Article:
• 11. Residential Life and Community l n college as in life, you want a balanced djet: a rich variety of coursework. Some nice fresh research. A tangy salad of activities. The comfort food of friendship. And maybe something hot and sweet, as well. What holds it all together? The sturdy platter of everyd ay (jving - places like the new Stephen Robert ' 6 2 Campus Center where you eat, sleep, study, hang, play games and every now and then do absolutely nothing at all. At Brown, you'll live on campus for at least your first six semesters. As an incoming student, you'll share a "Freshman Unjt" with 4 0 - 6 0 members of your class. (Like all our dorms, each Freshman Unit includes at least one Residential Peer Counselor, one Minority Peer Counselor, and one Women Peer 's Counselor, and a faculty fellow, as well.) Sophomore and ju nior years, your living options open up: alone or with your friends, you can enter the lottery for University housing. You can join one of Brown i o fraternities, sororities and co-ed Greek societies. Or you can find your place in one of the 's nine "theme» houses that focus on shared interests, from a specific language and culture to art, literature, faith, technology, or the environment. (Theme houses tend to have a lot of personality.) As a senior, you'll also have the option of living off campus; a little over half of seniors do. Visit for more information. L EMONGRASS AND P IZZA I f you're looking for a meal on campus, you could ask for the Sharpe Refectory or the VerneyWolley Dining Hall - but you'll sound like a native if you ask for the Ratty or the V-Dub. All freshmen enroll in the meal plan, which offers kosher and vegetarian options with every meal; you can use your meal credits at our snack bars as well, open until 2:0 0 AM. I f you have more specific cravings, the neighborhood boasts an array of small restaurants - or you can use your dorm's kitchen to whip up something tasty yourself. A word of advice? Don't bring your car. Y won't need it, and you'll go nuts trying to find a ou place to park! 17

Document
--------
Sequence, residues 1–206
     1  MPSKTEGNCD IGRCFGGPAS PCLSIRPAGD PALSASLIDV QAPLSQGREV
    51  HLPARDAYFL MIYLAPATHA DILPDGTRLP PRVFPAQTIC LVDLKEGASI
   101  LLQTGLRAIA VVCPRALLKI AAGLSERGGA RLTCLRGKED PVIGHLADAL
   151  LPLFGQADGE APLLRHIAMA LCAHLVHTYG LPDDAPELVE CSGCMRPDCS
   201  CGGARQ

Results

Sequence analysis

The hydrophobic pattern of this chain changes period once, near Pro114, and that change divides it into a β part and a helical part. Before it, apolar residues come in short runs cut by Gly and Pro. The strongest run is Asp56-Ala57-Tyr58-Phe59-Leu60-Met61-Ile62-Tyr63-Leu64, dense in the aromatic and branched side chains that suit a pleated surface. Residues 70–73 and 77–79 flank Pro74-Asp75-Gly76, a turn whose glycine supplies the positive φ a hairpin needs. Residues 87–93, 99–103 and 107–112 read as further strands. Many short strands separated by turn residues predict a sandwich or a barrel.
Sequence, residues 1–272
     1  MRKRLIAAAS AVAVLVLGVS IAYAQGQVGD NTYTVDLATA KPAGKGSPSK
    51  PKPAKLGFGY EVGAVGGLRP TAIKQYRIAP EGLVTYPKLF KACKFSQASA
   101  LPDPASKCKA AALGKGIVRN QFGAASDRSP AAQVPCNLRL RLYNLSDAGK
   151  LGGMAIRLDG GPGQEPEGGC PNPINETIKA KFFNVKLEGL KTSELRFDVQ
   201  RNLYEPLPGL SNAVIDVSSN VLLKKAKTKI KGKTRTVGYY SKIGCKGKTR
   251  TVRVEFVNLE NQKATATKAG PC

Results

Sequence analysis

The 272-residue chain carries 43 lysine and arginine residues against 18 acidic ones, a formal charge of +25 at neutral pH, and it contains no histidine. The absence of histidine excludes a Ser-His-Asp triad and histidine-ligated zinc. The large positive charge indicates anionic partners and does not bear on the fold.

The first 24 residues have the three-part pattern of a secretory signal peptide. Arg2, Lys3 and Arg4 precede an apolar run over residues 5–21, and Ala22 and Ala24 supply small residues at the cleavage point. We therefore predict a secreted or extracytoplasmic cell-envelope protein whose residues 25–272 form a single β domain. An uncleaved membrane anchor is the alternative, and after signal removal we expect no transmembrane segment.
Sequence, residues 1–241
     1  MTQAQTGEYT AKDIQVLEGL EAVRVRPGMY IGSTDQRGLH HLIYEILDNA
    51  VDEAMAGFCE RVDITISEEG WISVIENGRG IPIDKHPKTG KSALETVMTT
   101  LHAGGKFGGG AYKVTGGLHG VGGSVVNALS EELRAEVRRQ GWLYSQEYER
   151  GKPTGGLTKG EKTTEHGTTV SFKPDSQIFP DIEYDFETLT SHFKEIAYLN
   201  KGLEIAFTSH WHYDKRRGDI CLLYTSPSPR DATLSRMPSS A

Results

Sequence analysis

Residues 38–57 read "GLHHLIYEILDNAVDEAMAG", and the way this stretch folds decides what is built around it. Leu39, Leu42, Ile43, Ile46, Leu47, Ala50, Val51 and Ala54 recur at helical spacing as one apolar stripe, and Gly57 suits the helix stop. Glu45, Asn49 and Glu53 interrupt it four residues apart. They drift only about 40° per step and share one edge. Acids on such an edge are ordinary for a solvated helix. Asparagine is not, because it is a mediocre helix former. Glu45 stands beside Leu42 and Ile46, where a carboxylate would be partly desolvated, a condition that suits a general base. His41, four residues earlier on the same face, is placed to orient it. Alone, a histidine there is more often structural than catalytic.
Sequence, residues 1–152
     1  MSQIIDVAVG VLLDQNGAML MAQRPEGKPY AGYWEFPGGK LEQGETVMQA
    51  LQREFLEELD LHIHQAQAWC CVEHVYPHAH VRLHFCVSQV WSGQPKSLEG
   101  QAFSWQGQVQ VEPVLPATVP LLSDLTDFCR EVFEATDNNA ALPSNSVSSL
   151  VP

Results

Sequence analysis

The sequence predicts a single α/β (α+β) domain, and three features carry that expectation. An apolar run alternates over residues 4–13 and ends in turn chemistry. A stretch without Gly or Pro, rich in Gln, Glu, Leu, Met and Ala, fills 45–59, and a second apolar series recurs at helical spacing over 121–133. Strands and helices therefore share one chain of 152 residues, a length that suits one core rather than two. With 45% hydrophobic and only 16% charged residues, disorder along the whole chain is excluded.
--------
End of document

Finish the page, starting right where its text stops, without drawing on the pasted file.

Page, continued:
• 12. vT orld and T ork Together with your classmates, on a certain day in early summer, you will pour through the Van fickle gates into the arms of the world. Together, you will zoom and stroll and stride off to an exh ilarating number of adventures - the kind you get paid for and the kind )'OU don't. Together, you will discover that not everyone embraces the world with the intrepid curiosity of you and your friends from Brown. And whatever trail ) OU cut - through the underbrush of ordinary expectations to the ver y height of your abilities - it will belong to nobody but you. College can be a series of individual experiences, endured for a stack of good-looking grades. Or it can be much, much more than the sum of its parts, a kaleidoscope of interlocking insights and connections that reveals the beautiful, dynamic patterns of a meaningful life - in a dazzling shade of Brown. LS